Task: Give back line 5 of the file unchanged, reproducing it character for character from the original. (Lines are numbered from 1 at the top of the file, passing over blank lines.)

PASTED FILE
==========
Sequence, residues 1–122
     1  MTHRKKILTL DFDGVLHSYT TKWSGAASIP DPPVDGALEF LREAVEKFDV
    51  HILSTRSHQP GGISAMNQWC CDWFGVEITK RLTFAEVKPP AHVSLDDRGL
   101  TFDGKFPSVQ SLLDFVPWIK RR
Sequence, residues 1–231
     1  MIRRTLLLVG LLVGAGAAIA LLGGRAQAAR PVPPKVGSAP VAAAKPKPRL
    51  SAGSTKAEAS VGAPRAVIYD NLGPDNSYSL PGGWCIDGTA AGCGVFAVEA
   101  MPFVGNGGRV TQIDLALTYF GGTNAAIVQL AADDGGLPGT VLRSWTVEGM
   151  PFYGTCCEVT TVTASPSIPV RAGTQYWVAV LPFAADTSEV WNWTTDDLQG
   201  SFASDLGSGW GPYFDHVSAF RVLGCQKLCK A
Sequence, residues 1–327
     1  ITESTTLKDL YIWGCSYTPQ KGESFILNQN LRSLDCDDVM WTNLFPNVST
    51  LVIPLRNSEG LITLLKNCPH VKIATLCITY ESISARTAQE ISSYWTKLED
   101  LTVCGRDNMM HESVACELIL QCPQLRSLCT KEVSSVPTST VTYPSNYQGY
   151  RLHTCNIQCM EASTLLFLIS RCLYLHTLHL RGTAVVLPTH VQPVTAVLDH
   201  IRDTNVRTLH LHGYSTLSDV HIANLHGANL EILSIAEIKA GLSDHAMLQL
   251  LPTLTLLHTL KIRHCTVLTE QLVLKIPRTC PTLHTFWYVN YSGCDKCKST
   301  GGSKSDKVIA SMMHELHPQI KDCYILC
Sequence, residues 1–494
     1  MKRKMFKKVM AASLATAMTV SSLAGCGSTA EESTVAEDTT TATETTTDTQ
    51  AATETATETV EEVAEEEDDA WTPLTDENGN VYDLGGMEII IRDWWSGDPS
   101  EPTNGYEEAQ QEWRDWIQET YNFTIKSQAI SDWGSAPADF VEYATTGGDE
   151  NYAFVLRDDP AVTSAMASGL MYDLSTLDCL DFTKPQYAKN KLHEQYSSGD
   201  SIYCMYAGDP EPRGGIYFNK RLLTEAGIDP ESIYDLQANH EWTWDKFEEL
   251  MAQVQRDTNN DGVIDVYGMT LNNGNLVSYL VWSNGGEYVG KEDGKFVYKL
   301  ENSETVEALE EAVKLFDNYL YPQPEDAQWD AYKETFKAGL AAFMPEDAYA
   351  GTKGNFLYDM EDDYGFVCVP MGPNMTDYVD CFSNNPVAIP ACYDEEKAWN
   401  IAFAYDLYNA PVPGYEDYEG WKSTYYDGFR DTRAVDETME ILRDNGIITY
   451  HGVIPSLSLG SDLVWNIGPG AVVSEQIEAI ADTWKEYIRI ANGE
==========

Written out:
Sequence, residues 1–231